There has always been an interest in ones ancestors, but as I mentioned before, the paper trails into the past were for the most part open to the minority that were privileged. Today, with Ancestry.com and other genealogical sites and societies, the doors to those we descend from have opened wider than ever before. The largest genealogical company, Ancestry.com, offers over 11 billion historical records to its subscribers. In comparison, Alice E. Marwick in her article “How Your Data Are Being Deeply Mined” for the NY Review of Books writes that: “The industry of collecting, aggregating, and brokering personal data is known as ‘database marketing.’
The second largest company in this field, Acxiom, has 23,000 computer servers that process more than 50 trillion data transactions per year.” As Acxiom is the second largest collector, that means well over 100 trillion pieces of data are being collected a year, with this number set to rise exponentially. This is not even factoring in whatever the NSA and other government agencies around the world are collecting. That is why it is called Big Data. It is less daunting when you imagine in the future your descendants being able to view your Facebook or other social media profile, and having access to the pictures, posts, and comments of a bygone era. In this sense, to genealogists and the historians of tomorrow this information is priceless.
Outside of history this genealogical data could be valuable as well. Michel Foucault in his essay “Nietzsche, Genealogy, History,” states “the body is molded by many distinct regimes; it is broken down by rhythms of work, rest, holidays, and eating habits. Genealogy, is thus situated within the body and history.” Foucault’s argument is of course more epistemological, but it relates perfectly to genetics. Our genes bare the imprints of how others lived in the past. The mining of historical data could then bring a family tree not only to life, but could improve the lives of those who will precede us. The mining of medical records as data could be used to both treat individuals or to gain a better understanding about diseases that affect whole societies.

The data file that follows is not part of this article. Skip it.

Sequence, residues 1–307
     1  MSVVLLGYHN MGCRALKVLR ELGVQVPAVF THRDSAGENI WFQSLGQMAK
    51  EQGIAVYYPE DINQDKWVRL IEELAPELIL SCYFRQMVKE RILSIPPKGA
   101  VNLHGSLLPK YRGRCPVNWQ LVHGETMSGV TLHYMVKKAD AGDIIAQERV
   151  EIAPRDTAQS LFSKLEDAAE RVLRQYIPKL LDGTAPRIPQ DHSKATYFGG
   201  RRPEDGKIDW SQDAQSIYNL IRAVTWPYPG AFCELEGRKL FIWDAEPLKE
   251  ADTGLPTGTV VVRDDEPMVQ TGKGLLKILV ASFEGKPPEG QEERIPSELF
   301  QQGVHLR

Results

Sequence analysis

The field of medicine is just one example outside history, many more questions I believe will be raised by the study of data, especially those concerned the three C’s of culture, class, and consumption.
Ultimately, I think that an archive for this data should be established, one where governments, business, and the individual can donate their data for the higher purpose of studying the human condition in the future. Of course these data donations could come with research restrictions, some records not to be opened till a certain date to protect sensitive information as an example. But, if we are serious about leaving a better world for those who will inhabit it after us, our data from today could create a better tomorrow. Data history will be the study of the past through the mining of data, the depth of which is our legacy to decide.